May be immune to GOP majorities

    I have absolutely (5.00 / 2) (#38)
    by gyrfalcon on Fri Jan 30, 2009 at 12:03:38 PM EST
    no idea what that sentence means.

    The districting (none / 0) (#41)
    by Big Tent Democrat on Fri Jan 30, 2009 at 12:29:43 PM EST
    precludes the GOP retaking the House in the short term is what I took from it.

    Could be true. I have not looked at the issue.


    But that's far from true (none / 0) (#46)
    by andgarden on Sat Jan 31, 2009 at 10:09:01 AM EST
    The districting actually remains tilted toward the Republicans. That's the natural result of having so many VRA districts.

    Public opinion is already split on the (5.00 / 0) (#6)
    by tigercourse on Fri Jan 30, 2009 at 09:12:44 AM EST
    package with I think a slight lean against. You can bet that over the next months as the economy continues to decay, they will be pushing very hard and driving those "against" numbers up.

    The Republicans are taking a gamble that the economy isn't just going to bounce back in the near term. And I think that's a smart bet.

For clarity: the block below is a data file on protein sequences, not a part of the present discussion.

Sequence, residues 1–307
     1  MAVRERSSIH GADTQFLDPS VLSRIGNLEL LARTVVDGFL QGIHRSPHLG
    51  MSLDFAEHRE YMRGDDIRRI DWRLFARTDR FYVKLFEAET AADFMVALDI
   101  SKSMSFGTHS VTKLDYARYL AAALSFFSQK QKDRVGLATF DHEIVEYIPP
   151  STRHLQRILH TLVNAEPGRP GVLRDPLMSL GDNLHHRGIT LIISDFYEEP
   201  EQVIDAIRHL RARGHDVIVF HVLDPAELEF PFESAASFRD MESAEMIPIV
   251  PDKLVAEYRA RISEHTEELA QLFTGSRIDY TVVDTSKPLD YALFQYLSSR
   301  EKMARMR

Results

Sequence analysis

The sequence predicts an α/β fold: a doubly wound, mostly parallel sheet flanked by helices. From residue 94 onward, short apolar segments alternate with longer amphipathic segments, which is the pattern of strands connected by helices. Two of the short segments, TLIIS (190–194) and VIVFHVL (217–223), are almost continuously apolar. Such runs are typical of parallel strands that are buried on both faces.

I think we'll lose some house seats in 2010 (a bunch of the new reps were elected by the seat of their pants in really conservative districts) but I doubt Obama will lose in 2012. It took this country years to truly sour on Bush.

    That was only because of 9/11. (5.00 / 2) (#8)
    by ThatOneVoter on Fri Jan 30, 2009 at 09:14:11 AM EST
    He was  on his way to becoming a forgettable one termer by August 2001.

    I think the economic crisis will function in (none / 0) (#9)
    by tigercourse on Fri Jan 30, 2009 at 09:16:49 AM EST
    much the same way as 9/11 did. Huddle around the leader in tough times and hope he'll protect you.